Poinsettias are one of the most popular holiday plants in the United States. LSU AgCenter horticulturist Dr. Allen Owings tells how to make a wise choice when selecting one.
The main attraction of poinsettias is their colored leaves, called bracts. An ever-increasing range of colors is available – from the traditional red, to white, pink, peach, yellow, marbled and speckled. There are now poinsettias with purplish and burgundy foliage.
When selecting poinsettias, Owings says to look for plants with fully mature, thoroughly colored and expanded bracts. Avoid plants with too much green around the bract edges. An abundance of dark, rich-green foliage is a vital sign of good plant health. Look for plants with dense, plentiful foliage all the way down the stem.
Proper proportion of plant height and shape relative to container size is also an important key to an aesthetically pleasing poinsettia. Plants should appear balanced, full and attractive from all angles. A generally accepted standard is that the plant should be approximately 2 1/2 times taller than the diameter of the container.
Select plants with stiff stems, good bract and leaf retention and no signs of wilting, breaking or drooping. Be wary of plants displayed in paper, plastic or mesh sleeves. A poinsettia needs its space; the longer a plant remains sleeved, the more the plant quality will deteriorate.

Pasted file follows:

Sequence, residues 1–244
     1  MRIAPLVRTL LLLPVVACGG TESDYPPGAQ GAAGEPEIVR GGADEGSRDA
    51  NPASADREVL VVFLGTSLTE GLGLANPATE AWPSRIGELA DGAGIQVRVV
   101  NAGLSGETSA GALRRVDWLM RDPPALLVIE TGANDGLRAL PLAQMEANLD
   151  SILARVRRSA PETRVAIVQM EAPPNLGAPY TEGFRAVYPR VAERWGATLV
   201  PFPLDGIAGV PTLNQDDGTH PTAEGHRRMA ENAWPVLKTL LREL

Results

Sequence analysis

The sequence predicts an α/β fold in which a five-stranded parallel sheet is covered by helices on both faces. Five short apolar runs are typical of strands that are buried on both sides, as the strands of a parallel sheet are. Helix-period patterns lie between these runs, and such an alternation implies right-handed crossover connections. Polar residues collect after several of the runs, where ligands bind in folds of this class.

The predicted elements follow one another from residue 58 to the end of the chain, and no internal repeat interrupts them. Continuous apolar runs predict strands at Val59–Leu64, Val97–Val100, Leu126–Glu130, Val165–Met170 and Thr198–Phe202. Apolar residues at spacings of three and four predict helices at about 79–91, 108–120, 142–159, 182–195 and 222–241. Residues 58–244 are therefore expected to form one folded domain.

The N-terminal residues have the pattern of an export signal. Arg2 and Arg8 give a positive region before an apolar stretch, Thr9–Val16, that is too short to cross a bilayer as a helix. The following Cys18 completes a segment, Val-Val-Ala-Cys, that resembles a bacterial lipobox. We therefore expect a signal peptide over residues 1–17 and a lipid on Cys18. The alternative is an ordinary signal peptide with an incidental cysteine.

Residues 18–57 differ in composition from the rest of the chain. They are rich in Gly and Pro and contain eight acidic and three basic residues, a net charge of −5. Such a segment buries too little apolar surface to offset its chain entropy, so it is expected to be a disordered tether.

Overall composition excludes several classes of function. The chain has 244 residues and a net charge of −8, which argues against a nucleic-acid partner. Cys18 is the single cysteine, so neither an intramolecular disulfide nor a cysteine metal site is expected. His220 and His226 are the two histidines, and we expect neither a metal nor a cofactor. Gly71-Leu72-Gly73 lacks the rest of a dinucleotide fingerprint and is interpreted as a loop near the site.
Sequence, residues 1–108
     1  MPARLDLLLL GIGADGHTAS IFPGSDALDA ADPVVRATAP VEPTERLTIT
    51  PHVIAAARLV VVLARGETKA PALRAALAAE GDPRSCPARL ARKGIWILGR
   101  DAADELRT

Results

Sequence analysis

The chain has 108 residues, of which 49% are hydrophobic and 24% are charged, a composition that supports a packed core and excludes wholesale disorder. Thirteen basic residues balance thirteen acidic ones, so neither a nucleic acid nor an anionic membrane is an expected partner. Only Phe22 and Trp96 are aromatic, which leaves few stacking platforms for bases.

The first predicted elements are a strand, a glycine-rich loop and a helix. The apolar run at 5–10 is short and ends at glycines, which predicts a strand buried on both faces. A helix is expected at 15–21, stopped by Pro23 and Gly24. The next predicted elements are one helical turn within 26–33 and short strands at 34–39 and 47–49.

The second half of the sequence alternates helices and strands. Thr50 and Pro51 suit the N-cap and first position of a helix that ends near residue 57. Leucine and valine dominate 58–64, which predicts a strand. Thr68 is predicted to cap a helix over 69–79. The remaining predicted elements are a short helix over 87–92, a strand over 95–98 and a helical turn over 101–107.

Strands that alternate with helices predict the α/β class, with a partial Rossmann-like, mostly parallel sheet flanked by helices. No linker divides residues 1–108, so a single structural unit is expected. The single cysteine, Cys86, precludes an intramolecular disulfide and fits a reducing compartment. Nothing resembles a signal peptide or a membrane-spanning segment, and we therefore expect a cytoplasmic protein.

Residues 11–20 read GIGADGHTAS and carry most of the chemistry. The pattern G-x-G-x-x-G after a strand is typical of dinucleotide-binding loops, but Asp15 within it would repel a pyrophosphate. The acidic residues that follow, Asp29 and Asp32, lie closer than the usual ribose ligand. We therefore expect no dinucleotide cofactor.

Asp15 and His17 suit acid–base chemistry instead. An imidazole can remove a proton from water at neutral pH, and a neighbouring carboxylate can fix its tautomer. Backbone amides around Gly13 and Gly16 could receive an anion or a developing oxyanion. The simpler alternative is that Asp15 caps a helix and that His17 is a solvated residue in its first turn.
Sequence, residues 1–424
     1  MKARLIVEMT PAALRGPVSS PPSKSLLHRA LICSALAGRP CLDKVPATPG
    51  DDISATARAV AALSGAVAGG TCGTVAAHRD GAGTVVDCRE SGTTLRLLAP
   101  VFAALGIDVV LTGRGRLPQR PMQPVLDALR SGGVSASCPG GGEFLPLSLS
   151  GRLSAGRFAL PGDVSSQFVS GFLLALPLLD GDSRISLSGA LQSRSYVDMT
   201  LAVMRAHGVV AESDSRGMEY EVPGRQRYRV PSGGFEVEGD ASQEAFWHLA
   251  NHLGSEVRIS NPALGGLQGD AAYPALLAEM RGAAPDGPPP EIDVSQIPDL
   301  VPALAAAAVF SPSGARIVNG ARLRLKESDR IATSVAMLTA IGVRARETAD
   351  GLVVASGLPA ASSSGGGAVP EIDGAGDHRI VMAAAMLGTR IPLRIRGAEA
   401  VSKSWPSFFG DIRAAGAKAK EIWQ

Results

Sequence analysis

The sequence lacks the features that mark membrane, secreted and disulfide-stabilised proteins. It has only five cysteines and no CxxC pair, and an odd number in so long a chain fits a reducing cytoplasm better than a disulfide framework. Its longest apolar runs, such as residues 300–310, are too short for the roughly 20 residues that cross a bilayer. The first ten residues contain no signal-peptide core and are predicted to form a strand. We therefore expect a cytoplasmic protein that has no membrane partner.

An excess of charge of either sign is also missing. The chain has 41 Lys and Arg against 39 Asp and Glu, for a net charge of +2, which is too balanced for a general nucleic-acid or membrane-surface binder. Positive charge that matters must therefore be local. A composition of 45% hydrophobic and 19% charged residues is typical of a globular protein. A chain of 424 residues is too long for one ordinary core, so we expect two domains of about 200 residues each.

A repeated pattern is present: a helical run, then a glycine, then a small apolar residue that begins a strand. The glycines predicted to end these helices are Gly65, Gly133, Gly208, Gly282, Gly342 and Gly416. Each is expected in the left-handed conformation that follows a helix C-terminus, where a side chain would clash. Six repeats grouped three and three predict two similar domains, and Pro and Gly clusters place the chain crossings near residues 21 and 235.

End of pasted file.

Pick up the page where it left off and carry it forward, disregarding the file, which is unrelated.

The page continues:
Examine the soil of the plant. It is best to avoid waterlogged soil, particularly if the plant appears wilted. This could be a sign of irreversible root rot. When transporting the plant, protect it from chilling winds and temperatures below 50 degrees F. Re-inserting the poinsettia into a sleeve or a large, roomy shopping bag will usually provide adequate protection for transporting the plant home when it is cold and windy.
For related topics, look for Gardening and Get It Growing links in the Feature section of the LSU AgCenter Web site: www.lsuagcenter.com. Additional yard and garden topics are available from an extension agent in your parish LSU AgCenter office.
The LSU AgCenter and the LSU College of Agriculture